The Irish Historic Houses Association was established after a direct approach by the Built Heritage Section as the then Department of the Environment was concerned at the lack of an effective interface between Government and the owners of Ireland’s historic private houses.
The association’s first years were spent turning a disparate group of house owners, all in different situations and with differing concerns, into a united association within a proper legal framework. Once this had been achieved the board’s primary concern was to represent the members with Government to the best of our ability.
From the outset the IHHA worked closely with owners and civil servants to gather information, to explain the difficulties the owners face and to provide Government with information in plain language, and in a clear and factual way.
The first point of contact was with the Built Heritage Section of the Department of the Environment, for which responsibility was later transferred to the Department of the Arts, Heritage and the Gaeltacht under Ministers Jimmy Deenihan and, more recently, Heather Humphreys.
Initially progress was slow but the pivotal tool in the negotiations was an on-line audit of private historic house owners, carried out from 2013 onwards. After consultation with the Historic Houses Association (UK) about their survey the IHHA then devised and implemented its own audit, specially built and paid for with a combination of a Government grant and a generous private donation Once the on-line audit had begun to deliver the IHHA used the results to produce a compelling paper, Irish Country Houses in Crisis, completed in the autumn of 2014.
This paper showed that private owners are responsible for the care and maintenance of much of Ireland’s cultural heritage assets, proved that many only survive by selling heritage contents and land, and demonstrated that historic country houses may not have a long term future.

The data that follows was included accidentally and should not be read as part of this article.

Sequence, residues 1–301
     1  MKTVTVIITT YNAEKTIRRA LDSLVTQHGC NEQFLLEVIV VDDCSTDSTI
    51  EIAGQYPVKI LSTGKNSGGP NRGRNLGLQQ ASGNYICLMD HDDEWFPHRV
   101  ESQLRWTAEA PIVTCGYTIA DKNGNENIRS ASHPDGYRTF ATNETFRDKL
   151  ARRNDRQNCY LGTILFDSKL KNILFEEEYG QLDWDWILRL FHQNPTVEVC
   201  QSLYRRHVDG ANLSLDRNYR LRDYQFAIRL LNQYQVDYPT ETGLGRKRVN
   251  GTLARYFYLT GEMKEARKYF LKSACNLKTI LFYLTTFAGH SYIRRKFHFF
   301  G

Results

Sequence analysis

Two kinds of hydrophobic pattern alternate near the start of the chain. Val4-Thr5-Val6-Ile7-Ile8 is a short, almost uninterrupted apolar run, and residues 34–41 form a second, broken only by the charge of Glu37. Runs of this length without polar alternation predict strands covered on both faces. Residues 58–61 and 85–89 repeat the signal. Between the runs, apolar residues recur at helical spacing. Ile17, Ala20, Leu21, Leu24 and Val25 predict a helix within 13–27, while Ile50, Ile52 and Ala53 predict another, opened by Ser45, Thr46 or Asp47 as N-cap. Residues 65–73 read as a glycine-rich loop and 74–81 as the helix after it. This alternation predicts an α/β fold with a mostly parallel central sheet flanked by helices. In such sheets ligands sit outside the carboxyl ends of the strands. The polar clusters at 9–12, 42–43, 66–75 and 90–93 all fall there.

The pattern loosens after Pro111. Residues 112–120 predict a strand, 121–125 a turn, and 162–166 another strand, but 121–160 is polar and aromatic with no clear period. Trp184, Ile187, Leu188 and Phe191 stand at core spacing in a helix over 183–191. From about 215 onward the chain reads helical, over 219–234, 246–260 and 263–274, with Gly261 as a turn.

This approach convinced the civil servants of the need to take urgent action. They saw that the document made sense, realised that it was not an over-reaction, and then took it to their minister who established a special Steering Group in an effort to seek lasting solutions.
The IHHA chairman acted as co-chairman, along with the senior civil servant in the department, and the Minister invited representatives from other heritage groups and bodies, and, more significantly, from other Government Departments including Revenue and Failte Ireland to participate in the Steering Group, which met between March and July 2015.
The involvement of other Government Departments proved to be a crucial catalyst for the whole initiative and enabled the Steering Group to consider Ireland’s country houses holistically. In addition to the houses and their attendant buildings, gardens, parks, and collections, the potential of their wider estates was also examined in an integrated way.
This led to a new understanding of the potential country houses and estates have in education, training, recreation, relaxation and sport, as centres for traditional crafts and forgotten skills, as resources for local communities and as hubs for the regeneration of the rural economy.
Effectively, their involvement brought about a new perception that money spent in assisting private owners actually can benefit entire rural communities.
The participating Government Departments have also developed a better understanding of historic houses and estates, and of their largely untapped potential. With an enhanced unity of purpose the Steering Group reached a consensus within a relatively short timeframe and concluded its work with a nine-point Action Plan, which was approved by Cabinet without alteration in October 2015.